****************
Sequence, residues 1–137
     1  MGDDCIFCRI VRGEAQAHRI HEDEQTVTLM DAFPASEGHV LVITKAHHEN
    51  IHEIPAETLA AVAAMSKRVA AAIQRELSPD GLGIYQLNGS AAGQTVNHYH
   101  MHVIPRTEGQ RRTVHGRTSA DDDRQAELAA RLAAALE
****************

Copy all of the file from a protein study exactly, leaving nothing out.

Sequence, residues 1–137
     1  MGDDCIFCRI VRGEAQAHRI HEDEQTVTLM DAFPASEGHV LVITKAHHEN
    51  IHEIPAETLA AVAAMSKRVA AAIQRELSPD GLGIYQLNGS AAGQTVNHYH
   101  MHVIPRTEGQ RRTVHGRTSA DDDRQAELAA RLAAALE